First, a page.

These kids are so strong and they’re working so hard. They just need a break. They need something good to happen.
Peggy Busby & Earl Dunivan
What inspired you to begin donating your time, talent and money to Volunteers of America?
The thing that really got me going was the first Dream Maker’s Breakfast that I went to. My friend Wendy is on the Advisory Board, and our offices are directly across the street from the Foster A Dream office and she invited me to the breakfast. When we were there, foster youth got up and discussed how Foster a Dream had affected their lives. The thing that stood out the most was a poem read by a young woman who had been in the foster system. I now have that poem hanging in my office…it’s called Fuji Apple. I’ll never forget that…and I don’t WANT to forget it. If you read that, and hear the story, you’d be inspired. Ever since then, I like to help where I can.
This all just came in at the right time in my life, I have the time and resources, my husband and I have our own business. I was so impressed with the breakfast. The attendee’s weren’t just business owners, it had local politicians and many recognizable faces. I was amazed that I didn’t know anything about it. I was so impressed with how strongly the people attending the breakfast believed all that Volunteers of America does.
It didn’t take long, after I saw there were things I could do to help, I kept close to it, and am now a third year table captain for the Dream Maker’s Breakfast.
What programs are you involved in and how did you get involved?
I have done my job with my kids. They are on the right track. I’ve got the time to help these foster children through the Foster a Dream program… it’s their turn. I help with fundraising and am very involved in reading the scholarship applications and attend the scholarship dinner every year. If these kids are trying, and by reading their stories it seems as though they are really trying hard, I want to do what I can to help. They already have so many obstacles to overcome and these scholarships are just a little something that helps them get past where they are and onto a path that is going to to a better future.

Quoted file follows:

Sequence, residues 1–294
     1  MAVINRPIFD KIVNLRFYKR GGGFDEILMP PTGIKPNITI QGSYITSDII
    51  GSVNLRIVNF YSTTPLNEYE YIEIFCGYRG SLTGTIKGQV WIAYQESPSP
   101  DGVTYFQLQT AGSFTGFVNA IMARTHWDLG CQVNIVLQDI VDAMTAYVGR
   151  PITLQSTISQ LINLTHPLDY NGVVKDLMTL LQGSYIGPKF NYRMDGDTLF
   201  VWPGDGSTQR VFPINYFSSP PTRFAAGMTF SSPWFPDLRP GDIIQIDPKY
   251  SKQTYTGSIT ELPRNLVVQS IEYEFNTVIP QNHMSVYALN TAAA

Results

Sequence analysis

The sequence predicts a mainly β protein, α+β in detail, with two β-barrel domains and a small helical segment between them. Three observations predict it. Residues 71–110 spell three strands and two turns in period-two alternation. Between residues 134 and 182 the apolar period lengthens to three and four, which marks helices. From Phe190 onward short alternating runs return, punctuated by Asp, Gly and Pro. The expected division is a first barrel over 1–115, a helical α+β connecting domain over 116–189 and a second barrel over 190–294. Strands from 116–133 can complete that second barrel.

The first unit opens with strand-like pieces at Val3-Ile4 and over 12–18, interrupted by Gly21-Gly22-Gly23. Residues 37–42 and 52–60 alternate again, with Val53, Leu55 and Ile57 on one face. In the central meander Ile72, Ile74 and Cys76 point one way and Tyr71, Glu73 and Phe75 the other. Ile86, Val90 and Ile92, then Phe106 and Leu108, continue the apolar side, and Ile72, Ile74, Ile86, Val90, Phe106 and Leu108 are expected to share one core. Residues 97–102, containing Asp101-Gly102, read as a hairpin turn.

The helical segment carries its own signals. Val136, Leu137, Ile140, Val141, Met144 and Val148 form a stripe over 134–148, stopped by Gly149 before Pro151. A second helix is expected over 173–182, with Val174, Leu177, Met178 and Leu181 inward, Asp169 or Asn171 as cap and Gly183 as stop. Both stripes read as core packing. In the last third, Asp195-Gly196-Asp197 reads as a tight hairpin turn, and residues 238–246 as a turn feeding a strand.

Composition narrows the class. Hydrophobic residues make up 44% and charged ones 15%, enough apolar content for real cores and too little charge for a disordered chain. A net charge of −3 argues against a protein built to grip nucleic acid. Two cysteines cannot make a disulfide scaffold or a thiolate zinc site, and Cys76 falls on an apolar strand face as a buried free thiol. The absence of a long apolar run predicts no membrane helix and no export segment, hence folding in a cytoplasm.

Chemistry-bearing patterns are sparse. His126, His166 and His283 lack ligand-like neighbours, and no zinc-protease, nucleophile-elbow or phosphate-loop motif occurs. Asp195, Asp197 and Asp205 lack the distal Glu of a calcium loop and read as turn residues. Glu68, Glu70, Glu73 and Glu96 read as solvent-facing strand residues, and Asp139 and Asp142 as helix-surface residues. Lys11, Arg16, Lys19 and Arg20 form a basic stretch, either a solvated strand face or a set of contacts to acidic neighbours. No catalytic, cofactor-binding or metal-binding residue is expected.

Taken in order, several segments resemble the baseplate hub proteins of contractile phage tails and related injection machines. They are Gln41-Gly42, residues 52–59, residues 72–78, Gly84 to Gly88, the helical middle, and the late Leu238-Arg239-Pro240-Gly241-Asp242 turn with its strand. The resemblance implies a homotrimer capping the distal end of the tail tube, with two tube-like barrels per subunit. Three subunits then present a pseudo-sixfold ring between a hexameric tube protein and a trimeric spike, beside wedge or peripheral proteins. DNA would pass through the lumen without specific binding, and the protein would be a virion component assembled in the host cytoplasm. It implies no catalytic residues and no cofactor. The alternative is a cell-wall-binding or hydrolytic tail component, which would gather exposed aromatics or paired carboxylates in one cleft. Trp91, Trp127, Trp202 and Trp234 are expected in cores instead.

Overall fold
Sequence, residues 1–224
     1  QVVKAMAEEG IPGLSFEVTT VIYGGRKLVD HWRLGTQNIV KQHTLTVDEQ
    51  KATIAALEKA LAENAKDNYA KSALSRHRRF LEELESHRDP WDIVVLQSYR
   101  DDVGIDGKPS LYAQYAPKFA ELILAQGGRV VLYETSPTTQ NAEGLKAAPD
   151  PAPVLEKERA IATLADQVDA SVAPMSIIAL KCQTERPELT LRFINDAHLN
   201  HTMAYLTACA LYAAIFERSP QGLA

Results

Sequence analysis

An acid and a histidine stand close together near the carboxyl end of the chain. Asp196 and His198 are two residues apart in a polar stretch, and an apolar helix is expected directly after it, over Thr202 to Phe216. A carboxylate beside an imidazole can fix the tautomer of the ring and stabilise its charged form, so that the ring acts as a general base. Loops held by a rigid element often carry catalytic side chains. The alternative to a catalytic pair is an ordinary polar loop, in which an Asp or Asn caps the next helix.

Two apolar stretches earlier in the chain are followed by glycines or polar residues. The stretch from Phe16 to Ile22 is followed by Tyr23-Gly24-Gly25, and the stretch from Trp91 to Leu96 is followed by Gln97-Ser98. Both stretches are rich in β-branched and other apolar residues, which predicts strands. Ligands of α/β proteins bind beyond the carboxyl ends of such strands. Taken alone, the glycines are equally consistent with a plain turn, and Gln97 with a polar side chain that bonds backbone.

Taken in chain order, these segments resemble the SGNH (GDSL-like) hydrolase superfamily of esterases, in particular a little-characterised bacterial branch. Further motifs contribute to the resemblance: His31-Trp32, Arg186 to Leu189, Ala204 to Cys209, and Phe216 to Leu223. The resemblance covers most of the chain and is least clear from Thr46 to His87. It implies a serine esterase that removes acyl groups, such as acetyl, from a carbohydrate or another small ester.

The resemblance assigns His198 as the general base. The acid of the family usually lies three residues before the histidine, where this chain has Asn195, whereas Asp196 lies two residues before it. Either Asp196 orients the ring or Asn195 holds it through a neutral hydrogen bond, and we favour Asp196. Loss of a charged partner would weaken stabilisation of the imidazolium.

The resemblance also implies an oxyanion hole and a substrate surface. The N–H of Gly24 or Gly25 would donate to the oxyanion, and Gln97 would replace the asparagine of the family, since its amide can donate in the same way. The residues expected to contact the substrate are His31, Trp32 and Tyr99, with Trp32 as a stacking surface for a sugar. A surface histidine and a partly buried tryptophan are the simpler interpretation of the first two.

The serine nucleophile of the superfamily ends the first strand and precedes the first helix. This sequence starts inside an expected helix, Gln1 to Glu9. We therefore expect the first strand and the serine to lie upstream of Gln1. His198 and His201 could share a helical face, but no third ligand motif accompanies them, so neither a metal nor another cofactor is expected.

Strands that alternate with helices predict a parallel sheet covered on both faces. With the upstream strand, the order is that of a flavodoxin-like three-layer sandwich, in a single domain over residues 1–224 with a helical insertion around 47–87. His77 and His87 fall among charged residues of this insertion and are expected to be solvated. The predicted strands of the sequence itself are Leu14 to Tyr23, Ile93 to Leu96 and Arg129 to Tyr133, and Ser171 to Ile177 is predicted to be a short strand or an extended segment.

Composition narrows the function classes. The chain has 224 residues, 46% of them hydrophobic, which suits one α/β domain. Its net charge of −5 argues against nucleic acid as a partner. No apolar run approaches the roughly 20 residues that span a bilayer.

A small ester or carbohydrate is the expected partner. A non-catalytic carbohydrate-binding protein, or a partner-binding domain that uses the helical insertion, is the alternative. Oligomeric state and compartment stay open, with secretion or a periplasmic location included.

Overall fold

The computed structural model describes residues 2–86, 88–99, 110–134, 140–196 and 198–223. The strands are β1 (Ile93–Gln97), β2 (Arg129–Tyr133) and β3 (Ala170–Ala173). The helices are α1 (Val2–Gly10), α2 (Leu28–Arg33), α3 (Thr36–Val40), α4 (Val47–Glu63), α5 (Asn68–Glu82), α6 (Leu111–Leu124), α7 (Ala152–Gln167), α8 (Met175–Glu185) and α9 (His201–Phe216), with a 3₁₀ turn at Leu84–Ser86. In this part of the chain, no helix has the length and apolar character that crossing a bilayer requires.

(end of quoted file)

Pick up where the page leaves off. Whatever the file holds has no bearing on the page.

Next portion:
These kids are so strong and they’re working so hard. They just need a break. They need something good to happen. If they want, and they’re trying, they need that chance. They need help and programs like Foster a Dream are there to help them in little ways.
In relation to your time with Volunteers of America, is there a favorite story or memory you would like to share?
I works across the street from the Martinez Foster a Dream office. On Tuesdays the store is open, so I get to see those who are coming and going. My heart warms up to see the kids coming and going, not only the little kids… but the older youths as well. They come out of the office and they’re smiling. It keeps me inspired to help and see what else I can contribute.
One time in particular, I was working at my desk with my husband at work, we saw four little kids across the street. They had a really super nice foster mom, she had chubby cheeks. She looked like she bakes cookies all day long, and the four kids sort of look like siblings. The kids each had a plastic bag of stuff, stuffed animals, clothe, and school supplies. They were so excited, happy, smiling, skipping and jumping. I turned to my husband and told him, “This is the good stuff. This is what you want to see. They just look so happy. It looks like they had a good situation there. Somebody sweet is taking care of them.”